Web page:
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Original Article
December 1, 2005

Reconstructive Breast Implantation After Mastectomy for Breast Cancer: Clinical Outcomes in a Nationwide Prospective Cohort Study

Author Affiliations

Author Affiliations: Danish Registry for Plastic Surgery of the Breast (Dr Henriksen and Ms Karlsen), Institute of Cancer Epidemiology, Danish Cancer Society (Drs Henriksen, H[[ouml]]lmich, Kj[[oslash]]ller, Olsen, and Friis and Ms Karlsen), and Department of Plastic Surgery, Herlev Hospital, University of Copenhagen (Drs H[[ouml]]lmich and Krag), Copenhagen, Denmark; International Epidemiology Institute, Rockville, Md (Drs Fryzek and McLaughlin); and Department of Medicine, Vanderbilt University Medical Center and Vanderbilt-Ingram Cancer Center, Nashville, Tenn (Drs Fryzek, McLaughlin, and Olsen).

Arch Surg. 2005;140(12):1152-1159. doi:10.1001/archsurg.140.12.1152

Background  Clinical reports have raised concern about local complications following breast implantation used in reconstructive or cosmetic surgery, but there is a shortage of epidemiological studies in this area.

Objective  To assess in a prospective epidemiological manner the occurrence of short-term local complications in a nationwide implantation registry.

Design, Setting, and Participants  The Danish Registry for Plastic Surgery of the Breast prospectively collects preoperative, perioperative, and postoperative information on Danish women undergoing breast augmentation. Through the registry, we collected data on short-term local complications among 574 women who underwent postmastectomy reconstruction with breast implants from June 1, 1999, through July 24, 2003.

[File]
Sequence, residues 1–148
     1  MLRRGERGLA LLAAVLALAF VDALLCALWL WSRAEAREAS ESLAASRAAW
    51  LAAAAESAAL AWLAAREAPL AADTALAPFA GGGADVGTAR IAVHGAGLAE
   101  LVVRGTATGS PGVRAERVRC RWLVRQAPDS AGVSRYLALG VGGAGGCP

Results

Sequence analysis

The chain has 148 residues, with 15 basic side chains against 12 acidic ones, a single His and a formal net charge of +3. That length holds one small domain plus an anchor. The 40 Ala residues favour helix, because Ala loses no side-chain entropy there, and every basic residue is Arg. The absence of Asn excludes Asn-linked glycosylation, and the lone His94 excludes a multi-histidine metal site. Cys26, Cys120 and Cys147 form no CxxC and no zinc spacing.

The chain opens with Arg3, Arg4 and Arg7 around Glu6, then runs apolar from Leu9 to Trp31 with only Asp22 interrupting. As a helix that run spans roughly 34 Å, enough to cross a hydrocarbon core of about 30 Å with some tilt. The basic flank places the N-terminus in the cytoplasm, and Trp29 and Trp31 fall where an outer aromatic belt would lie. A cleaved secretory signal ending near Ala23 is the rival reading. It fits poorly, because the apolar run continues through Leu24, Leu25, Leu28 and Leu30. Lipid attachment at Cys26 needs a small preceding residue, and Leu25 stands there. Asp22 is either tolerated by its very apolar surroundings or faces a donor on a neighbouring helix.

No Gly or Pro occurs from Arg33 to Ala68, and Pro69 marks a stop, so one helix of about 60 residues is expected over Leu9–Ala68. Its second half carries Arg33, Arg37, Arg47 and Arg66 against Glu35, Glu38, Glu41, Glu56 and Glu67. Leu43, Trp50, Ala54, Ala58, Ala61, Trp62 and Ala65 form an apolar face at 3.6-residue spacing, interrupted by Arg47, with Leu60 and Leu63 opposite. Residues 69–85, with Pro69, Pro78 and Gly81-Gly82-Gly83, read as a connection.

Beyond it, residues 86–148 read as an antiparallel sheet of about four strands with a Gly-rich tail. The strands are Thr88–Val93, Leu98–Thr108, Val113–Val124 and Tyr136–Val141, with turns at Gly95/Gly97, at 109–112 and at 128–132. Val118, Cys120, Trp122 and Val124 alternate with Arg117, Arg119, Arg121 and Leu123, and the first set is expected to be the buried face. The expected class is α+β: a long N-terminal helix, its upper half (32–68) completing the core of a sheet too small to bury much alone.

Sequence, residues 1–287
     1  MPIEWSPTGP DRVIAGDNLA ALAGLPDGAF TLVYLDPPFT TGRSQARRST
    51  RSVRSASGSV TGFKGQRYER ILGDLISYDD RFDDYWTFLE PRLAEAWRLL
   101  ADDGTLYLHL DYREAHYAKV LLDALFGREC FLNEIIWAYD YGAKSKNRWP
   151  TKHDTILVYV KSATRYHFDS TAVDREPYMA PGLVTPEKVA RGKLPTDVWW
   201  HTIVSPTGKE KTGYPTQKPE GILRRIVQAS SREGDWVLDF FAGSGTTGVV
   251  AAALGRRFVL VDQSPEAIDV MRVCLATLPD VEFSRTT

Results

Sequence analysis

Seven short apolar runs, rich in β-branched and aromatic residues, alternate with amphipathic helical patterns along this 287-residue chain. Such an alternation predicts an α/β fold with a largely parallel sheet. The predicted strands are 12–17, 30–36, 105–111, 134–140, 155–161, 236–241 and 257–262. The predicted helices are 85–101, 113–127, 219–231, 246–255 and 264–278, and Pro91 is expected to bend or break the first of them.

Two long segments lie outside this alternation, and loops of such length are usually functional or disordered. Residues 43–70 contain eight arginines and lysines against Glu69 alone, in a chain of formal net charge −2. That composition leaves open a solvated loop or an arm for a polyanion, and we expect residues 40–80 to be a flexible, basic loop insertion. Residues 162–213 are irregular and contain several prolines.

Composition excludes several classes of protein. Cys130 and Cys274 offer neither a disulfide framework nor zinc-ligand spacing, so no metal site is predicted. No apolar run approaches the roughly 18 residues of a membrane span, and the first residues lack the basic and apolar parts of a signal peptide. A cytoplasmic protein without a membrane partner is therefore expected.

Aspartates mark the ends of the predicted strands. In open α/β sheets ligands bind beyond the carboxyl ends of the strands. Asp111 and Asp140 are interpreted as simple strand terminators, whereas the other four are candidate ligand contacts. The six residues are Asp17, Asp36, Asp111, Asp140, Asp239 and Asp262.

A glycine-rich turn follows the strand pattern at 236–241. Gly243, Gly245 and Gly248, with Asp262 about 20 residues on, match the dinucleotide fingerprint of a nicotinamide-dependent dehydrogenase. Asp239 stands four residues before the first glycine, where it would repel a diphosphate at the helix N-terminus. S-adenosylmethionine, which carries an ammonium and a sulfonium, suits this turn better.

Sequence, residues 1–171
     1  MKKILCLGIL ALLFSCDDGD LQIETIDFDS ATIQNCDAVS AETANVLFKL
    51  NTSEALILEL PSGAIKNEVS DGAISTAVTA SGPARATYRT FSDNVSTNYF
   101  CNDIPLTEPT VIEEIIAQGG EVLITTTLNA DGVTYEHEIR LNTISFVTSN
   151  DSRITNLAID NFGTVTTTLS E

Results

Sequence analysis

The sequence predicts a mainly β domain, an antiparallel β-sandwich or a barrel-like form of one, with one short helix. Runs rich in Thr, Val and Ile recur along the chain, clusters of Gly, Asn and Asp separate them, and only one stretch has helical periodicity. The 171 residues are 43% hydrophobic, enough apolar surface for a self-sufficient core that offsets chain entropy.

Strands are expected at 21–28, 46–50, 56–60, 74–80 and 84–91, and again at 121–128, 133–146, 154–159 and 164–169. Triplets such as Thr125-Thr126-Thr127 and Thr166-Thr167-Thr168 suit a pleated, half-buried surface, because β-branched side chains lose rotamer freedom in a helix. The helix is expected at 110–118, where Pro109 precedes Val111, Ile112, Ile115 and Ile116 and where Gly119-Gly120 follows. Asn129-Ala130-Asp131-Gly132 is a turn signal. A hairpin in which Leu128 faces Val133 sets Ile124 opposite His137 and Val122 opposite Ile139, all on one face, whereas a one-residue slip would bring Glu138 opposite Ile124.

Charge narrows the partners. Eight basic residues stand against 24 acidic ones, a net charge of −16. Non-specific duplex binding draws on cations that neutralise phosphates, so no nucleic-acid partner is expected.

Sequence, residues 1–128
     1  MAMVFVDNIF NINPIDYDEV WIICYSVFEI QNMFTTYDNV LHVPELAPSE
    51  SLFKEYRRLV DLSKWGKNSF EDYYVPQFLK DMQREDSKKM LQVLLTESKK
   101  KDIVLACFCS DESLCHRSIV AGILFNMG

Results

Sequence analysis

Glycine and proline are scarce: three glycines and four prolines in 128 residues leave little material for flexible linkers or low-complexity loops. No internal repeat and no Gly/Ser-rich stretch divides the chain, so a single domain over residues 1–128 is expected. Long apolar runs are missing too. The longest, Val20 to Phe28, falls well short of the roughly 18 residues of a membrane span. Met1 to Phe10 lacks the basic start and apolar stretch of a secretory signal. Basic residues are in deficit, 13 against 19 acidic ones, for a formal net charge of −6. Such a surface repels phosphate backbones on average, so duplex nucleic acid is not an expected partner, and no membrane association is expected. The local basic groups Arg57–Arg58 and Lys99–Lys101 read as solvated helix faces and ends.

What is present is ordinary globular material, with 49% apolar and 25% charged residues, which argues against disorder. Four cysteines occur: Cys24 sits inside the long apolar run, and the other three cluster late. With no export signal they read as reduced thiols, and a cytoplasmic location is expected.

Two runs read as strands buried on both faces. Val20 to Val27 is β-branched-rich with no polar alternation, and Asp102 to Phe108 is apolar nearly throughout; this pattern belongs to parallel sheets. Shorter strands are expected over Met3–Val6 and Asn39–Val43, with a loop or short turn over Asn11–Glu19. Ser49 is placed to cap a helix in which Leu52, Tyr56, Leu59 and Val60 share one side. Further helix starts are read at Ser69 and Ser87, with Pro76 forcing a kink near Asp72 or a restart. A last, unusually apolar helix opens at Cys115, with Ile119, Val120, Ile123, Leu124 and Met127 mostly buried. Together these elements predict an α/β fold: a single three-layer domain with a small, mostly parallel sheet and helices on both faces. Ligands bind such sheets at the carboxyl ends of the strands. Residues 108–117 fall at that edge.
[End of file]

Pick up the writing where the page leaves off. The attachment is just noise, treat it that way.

Main Outcome Measures  Complication incidence rates.

Results  Thirty-one percent of the women who underwent initial implantation developed at least 1 adverse event. Forty-nine percent of the adverse events occurred within 3 months after implantation and 67% within 6 months. Surgical intervention was required after initial implantation among 21% of women, most frequently because of capsular contracture, asymmetry, or displacement of the implant. Thirty-six percent of women who underwent subsequent implantation experienced at least 1 adverse event, and 21% underwent surgical intervention to treat definitive complications or to optimize cosmetic result.

Conclusions  Women who undergo postmastectomy breast implantation frequently experience short-term local complications. Surgical or medical intervention is commonly required during the reconstructive course, but reconstruction failure (loss of implant) is rare. However, when weighing benefits and risks associated with reconstruction, the patient should consider that breast reconstruction is a process involving planned and unplanned supplementary surgical correction to achieve the desired result.